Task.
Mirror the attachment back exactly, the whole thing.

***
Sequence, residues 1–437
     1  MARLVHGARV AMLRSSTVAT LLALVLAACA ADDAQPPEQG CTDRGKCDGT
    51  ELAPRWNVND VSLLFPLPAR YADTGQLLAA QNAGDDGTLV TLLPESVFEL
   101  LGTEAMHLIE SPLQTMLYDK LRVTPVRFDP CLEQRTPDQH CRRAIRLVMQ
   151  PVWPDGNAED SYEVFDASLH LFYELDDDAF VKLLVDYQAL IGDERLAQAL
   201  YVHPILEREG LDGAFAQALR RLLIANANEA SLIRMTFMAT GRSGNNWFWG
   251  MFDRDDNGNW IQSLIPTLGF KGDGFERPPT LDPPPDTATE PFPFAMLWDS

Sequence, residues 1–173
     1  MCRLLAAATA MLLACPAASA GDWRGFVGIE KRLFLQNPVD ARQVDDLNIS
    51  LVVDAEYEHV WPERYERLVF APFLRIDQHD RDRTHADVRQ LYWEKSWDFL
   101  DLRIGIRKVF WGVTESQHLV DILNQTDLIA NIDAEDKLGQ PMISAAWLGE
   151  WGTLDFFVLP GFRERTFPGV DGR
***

Sequence, residues 1–437
     1  MARLVHGARV AMLRSSTVAT LLALVLAACA ADDAQPPEQG CTDRGKCDGT
    51  ELAPRWNVND VSLLFPLPAR YADTGQLLAA QNAGDDGTLV TLLPESVFEL
   101  LGTEAMHLIE SPLQTMLYDK LRVTPVRFDP CLEQRTPDQH CRRAIRLVMQ
   151  PVWPDGNAED SYEVFDASLH LFYELDDDAF VKLLVDYQAL IGDERLAQAL
   201  YVHPILEREG LDGAFAQALR RLLIANANEA SLIRMTFMAT GRSGNNWFWG
   251  MFDRDDNGNW IQSLIPTLGF KGDGFERPPT LDPPPDTATE PFPFAMLWDS

Sequence, residues 1–173
     1  MCRLLAAATA MLLACPAASA GDWRGFVGIE KRLFLQNPVD ARQVDDLNIS
    51  LVVDAEYEHV WPERYERLVF APFLRIDQHD RDRTHADVRQ LYWEKSWDFL
   101  DLRIGIRKVF WGVTESQHLV DILNQTDLIA NIDAEDKLGQ PMISAAWLGE
   151  WGTLDFFVLP GFRERTFPGV DGR